Working under the supervision of Matthew Hayday, I am a PhD student at the University of Guelph whose research focuses on nationalism, national identity politics and popular perceptions of foreign policy in post-Confederation Canada. My dissertation will explore how evolving expressions of nationalism impacted both the symbol and substance of Canada’s foreign aid policy in the decades following the Second World War.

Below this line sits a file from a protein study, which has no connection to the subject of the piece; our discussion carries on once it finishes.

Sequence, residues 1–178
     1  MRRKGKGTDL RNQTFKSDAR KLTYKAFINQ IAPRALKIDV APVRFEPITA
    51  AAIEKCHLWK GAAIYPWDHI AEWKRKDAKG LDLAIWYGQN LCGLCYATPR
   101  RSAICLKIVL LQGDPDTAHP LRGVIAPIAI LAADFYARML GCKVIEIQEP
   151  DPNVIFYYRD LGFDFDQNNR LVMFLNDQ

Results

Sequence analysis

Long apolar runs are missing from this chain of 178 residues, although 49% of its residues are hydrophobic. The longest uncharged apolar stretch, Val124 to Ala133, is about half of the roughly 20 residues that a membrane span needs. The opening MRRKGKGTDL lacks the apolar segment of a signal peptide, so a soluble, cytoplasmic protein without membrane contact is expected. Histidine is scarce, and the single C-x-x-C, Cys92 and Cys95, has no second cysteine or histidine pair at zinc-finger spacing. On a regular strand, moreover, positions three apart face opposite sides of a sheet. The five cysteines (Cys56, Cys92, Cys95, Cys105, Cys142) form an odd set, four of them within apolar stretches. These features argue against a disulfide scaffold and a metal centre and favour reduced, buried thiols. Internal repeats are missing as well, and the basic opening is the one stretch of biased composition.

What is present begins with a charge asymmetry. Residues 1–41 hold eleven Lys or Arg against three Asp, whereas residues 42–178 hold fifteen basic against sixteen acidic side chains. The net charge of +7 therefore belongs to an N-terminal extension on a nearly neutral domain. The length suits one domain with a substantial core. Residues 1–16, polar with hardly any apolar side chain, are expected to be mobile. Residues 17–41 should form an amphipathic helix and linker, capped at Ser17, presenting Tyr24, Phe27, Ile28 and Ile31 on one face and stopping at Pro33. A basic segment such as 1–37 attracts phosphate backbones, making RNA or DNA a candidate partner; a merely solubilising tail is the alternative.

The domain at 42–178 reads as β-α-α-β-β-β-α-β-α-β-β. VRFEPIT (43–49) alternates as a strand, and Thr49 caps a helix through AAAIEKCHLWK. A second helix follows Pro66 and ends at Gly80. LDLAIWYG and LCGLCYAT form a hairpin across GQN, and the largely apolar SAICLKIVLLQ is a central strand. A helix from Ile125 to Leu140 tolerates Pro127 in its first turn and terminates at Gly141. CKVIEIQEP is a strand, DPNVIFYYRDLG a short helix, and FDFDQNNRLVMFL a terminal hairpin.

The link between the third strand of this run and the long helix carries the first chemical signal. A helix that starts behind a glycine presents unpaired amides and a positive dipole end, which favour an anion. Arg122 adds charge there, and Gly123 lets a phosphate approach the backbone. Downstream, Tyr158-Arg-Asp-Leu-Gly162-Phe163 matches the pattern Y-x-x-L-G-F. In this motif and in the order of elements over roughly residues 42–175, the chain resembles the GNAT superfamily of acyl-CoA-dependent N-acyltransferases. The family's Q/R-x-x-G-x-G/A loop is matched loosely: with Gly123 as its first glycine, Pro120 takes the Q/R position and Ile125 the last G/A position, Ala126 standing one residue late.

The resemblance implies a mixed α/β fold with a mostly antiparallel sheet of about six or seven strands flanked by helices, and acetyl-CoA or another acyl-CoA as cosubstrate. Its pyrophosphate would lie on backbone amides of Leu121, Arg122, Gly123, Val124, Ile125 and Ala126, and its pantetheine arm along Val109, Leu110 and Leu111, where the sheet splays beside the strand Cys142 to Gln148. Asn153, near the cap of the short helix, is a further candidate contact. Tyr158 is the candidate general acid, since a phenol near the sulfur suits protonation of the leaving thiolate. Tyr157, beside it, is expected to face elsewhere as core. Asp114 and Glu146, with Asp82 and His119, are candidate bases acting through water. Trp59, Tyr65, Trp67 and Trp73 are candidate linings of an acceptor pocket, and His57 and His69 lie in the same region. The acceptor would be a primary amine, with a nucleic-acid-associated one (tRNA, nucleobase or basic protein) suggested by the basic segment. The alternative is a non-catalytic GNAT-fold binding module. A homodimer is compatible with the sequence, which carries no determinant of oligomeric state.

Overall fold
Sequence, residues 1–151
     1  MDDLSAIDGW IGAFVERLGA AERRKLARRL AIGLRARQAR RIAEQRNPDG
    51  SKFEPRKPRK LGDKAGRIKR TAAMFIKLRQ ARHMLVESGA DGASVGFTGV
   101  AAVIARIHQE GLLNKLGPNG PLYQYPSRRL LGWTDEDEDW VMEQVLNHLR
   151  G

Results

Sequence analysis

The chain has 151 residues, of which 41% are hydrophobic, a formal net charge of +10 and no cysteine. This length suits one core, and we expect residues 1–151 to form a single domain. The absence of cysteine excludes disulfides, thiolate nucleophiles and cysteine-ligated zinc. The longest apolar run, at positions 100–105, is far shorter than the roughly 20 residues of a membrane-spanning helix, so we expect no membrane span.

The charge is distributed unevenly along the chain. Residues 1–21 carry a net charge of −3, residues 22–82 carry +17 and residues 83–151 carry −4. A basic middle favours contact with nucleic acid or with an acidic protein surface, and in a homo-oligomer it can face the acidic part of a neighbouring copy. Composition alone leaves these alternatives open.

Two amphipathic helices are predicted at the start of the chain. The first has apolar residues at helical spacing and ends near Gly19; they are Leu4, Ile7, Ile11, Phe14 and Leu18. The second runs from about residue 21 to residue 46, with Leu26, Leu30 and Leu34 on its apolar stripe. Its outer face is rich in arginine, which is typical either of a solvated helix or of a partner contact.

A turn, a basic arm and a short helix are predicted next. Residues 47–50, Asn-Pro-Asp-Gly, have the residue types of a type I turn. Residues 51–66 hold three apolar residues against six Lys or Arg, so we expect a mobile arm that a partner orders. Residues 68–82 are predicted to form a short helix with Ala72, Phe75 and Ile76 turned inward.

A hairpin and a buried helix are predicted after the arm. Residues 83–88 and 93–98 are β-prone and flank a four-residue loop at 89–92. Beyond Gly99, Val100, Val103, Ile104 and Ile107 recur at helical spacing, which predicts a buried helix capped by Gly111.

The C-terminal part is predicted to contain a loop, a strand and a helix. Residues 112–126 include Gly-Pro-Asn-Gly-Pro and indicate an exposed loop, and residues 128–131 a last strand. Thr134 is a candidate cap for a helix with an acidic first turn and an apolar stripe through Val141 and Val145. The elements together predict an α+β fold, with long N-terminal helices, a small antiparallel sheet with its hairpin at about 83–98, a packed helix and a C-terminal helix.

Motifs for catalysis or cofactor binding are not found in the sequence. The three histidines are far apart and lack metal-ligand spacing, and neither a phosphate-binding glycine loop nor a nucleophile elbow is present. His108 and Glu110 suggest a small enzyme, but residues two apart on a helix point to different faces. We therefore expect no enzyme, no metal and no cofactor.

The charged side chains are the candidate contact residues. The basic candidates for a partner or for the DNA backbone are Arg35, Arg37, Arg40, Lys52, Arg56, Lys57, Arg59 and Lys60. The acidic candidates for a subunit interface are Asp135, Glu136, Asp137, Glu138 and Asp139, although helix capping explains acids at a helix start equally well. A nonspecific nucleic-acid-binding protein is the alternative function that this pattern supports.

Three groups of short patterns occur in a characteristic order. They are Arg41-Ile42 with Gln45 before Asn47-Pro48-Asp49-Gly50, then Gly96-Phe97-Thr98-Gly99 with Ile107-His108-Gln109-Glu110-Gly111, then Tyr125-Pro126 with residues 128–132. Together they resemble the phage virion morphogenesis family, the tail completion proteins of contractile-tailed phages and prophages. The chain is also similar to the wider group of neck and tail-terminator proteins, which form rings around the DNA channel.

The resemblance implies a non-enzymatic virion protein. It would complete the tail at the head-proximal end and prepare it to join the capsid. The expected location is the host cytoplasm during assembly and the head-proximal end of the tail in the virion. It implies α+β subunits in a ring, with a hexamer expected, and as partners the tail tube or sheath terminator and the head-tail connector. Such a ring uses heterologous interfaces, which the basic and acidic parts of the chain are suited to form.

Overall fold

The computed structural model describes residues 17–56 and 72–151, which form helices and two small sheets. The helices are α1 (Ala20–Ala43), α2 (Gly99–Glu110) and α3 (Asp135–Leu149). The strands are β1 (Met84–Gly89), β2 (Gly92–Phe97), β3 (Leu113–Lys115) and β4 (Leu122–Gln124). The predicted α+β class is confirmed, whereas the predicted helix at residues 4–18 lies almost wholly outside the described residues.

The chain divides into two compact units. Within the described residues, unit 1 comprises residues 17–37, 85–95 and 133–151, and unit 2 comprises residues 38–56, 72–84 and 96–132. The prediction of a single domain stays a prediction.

Through the study of a broad range of programs, such as the Centennial International Development Commission, I hope to illustrate how the federal government employed foreign aid as a tool in the construction of a national identity that favoured its pre-existing goals. Subsequently I hope to analyze what impact this modus operandi had on Canada’s foreign aid policy. This phase of research will involve looking at foreign aid both as a political entity and as a humanitarian program. I will explore whether or not intertwining foreign aid with national identity made it a more viable public policy initiative or simply increased public scrutiny without producing any tangible benefits for the government. I will also attempt to discern what effect the government’s use of foreign aid as a nationalistic tool had on the type and quality of humanitarian assistance it offered.